Trump notes that each purchase comes with an entry into sweepstakes to win prizes like dinner or a Zoom call with him, or a round of golf at one of his golf courses, or even autographed memorabilia. “Remember, Christmas is coming, and this makes a great Christmas gift,” he adds by way of conclusion. In the fashion of a grade-school video project, the music hastily cuts as an abrupt voiceover notes, “No purchase necessary, void where prohibited,” over another animation of SuperTrump shooting lasers out of his eyes.

The much-hyped announcement seems to have left Trump’s fans disappointed or speechless. For everyone else, the ad is simply meme-able. Trump’s announcement of these NFTs, and his note that they can be purchased using cryptocurrency, comes while Sam Bankman-Fried’s crypto empire burns and the market overall struggles to tread water.

Trump Has Raised Way Too Much Money on Those Weird NFTs

Someone created a real-time tracker of Donald Trump’s NFT sales, and it’s wild.

Joe Raedle/Getty Images

Sometimes the internet is a wonderful place. It looks like someone or some users at, a website that allows users to make their own analytical tools, have created a real time tracker of former President Donald Trump’s NFT sales. 

As of my typing this, Trump has made more than $1 million off of nearly 4,000 holders and over 12,000 mints, according to the tracker. (A holder is someone who buys NFTs, and a mint is the NFT itself.)

To recap, Trump had been hyping up a big announcement over the past few days. Turns out it was a new series of NFT of Trump dressed up as a superhero... because of course it was.

It’s not immediately clear what Trump plans to do with the money, if the buyers think they’re actually effectively funding his latest presidential campaign, or really if Trump even knows what an NFT is. On the Collect Trump Cards website, it says that anyone who buys 45 cards gets a guaranteed “ticket to a dinner with the president.”

Under the website’s FAQ question, one question asks if profits from the NFTs will go to Trump’s 2024 presidential campaign. In a jargony response, the website says no.

“NO.  These Digital Trading Cards are not political and have nothing to do with any political campaign,” the FAQ section says. “NFT INT LLC is not owned, managed or controlled by Donald J. Trump, The Trump Organization, CIC Digital LLC or any of their respective principals or affiliates. NFT INT LLC uses Donald J. Trump’s name, likeness and image under paid license from CIC Digital LLC, which license may be terminated or revoked according to its terms.”

On Trump’s Truth Social social media site, he wrote that “These limited edition cards feature amazing ART of my Life & Career! Collect all of your favorite Trump Digital Trading Cards, very much like a baseball card, but hopefully much more exciting.”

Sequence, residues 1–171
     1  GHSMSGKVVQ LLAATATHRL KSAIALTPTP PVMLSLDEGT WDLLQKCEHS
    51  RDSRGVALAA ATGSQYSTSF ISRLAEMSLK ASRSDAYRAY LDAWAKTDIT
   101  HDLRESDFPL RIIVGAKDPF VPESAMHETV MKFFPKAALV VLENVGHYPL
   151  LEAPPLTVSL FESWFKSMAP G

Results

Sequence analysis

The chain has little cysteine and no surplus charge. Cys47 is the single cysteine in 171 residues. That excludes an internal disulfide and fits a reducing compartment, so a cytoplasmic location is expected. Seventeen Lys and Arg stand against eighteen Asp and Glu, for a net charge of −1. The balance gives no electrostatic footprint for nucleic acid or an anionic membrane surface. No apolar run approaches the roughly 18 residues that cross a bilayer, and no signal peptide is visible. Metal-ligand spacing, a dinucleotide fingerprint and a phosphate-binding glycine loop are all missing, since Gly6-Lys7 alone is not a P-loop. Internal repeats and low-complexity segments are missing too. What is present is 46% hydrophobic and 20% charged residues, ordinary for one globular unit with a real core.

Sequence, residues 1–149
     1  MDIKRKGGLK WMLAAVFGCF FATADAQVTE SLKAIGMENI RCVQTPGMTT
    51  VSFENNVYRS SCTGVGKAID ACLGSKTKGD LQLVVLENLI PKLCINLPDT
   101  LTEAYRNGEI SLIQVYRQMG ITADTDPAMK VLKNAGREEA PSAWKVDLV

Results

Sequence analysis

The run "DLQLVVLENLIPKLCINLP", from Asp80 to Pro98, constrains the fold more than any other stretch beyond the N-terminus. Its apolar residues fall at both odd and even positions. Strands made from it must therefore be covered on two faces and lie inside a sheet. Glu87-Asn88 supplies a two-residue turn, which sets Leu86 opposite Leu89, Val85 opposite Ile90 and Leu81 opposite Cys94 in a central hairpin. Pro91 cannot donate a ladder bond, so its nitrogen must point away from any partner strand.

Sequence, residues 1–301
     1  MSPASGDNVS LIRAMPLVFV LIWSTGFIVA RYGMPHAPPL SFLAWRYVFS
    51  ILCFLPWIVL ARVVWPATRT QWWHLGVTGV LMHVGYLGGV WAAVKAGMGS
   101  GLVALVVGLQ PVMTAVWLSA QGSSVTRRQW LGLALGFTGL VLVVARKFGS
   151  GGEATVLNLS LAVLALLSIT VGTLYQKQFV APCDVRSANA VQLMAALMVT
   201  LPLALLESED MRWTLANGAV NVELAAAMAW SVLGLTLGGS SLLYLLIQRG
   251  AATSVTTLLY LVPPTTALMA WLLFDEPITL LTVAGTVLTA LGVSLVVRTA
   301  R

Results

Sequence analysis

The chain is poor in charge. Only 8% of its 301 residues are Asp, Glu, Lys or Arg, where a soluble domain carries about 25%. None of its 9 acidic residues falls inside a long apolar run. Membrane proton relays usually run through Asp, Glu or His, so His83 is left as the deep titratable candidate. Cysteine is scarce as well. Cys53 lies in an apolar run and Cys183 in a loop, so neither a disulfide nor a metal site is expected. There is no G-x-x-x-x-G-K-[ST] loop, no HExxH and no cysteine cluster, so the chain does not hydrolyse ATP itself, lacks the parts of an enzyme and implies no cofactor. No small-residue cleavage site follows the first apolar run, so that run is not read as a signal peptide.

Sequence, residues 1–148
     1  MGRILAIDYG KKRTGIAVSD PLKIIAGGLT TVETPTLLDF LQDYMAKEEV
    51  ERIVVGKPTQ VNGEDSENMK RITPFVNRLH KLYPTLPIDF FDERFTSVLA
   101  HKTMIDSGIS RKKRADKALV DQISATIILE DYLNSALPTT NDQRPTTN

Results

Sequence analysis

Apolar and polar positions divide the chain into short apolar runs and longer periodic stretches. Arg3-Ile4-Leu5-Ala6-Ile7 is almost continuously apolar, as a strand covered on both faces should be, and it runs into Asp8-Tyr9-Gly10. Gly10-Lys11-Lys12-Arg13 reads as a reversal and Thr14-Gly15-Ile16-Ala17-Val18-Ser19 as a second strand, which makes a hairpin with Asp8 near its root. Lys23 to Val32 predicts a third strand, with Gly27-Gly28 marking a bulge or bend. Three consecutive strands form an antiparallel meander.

Anyway, you can monitor these sales here.

House Approves Bill To Let Puerto Rico Decide Its Own Future

The House of Representatives voted to let Puerto Rico hold a binding referendum on whether to gain independence or become the 51st U.S. state.

ERIC ROJAS/AFP via Getty Images

The House of Representatives voted Thursday to let Puerto Rico hold its first-ever binding referendum on whether to gain independence or become the 51st U.S. state.

The bill passed 233-191. Puerto Rico voters will be able to choose whether to join the United States as a full state, to gain independence, or to gain independence with free association, meaning it would operate as a sovereign nation but receive certain benefits and funding from the U.S.

New York Representative Nydia Velazquez, the first Puerto Rican woman elected to the House, hailed the bill’s passage.

“It is an embarrassment to the United States—the United States that holds itself up as a leader of the free world, that stands up to the imperialist tyrants abroad, while keeping colonies in the Caribbean and the Pacific,” she told The New York Times. “Congress has the moral obligation to provide the necessary tools to transition to a new, postcolonial order.”

The bill now goes to the Senate, where it is unlikely to pass. Even with the Democrats keeping control of the chamber, the legislation will need 60 yes votes to advance, and Republicans have expressed opposition to the island nation gaining statehood.

Although the GOP’s official party platform supports statehood for Puerto Rico, the platform has not been updated since 2016. In the six years since, Republican legislators have backed away from the issue over concerns that Puerto Rico would elect more Democrats to Congress.

They may not have anything to worry about, though. Puerto Rico politics have seen a recent push in social conservatism. The island has also already held seven non-binding referendums on its political status, and none has produced a clear preference.

The last non-binding referendum was held in November 2020. Only about half of registered voters participated, with 53 percent voting for statehood and 47 percent voting against.

Trump Is Selling NFTs of Himself Dressed Up As Superman and Shooting Lasers Out of His Eyes

No, this isn't a joke.

Donald Trump raising a fist and making a weird face with a bunch of US flags in the background
Eva Marie Uzcategui/Bloomberg via Getty Images

Donald Trump unveiled a series of digital trading cards of his face, his first foray into NFTs, on Thursday, just in time for the holidays.

NFTs, or non-fungible tokens, are a form of digital artwork that exist solely online and come with proof of ownership. You can buy one of Trump’s for the low price of $99.

Trump had teased a “MAJOR ANNOUNCEMENT” Wednesday, leaving many scratching their heads. He already announced he’s running for president. What could be more major than that?

Turns out, it’s digital collectibles!

The cards feature artistic renditions of scenes from Trump’s “Life & Career,” such as the time he stood outside Trump Tower, ripping off his suit to reveal a superhero suit à la Clark Kent/Superman and shooting lasers out of his eyes.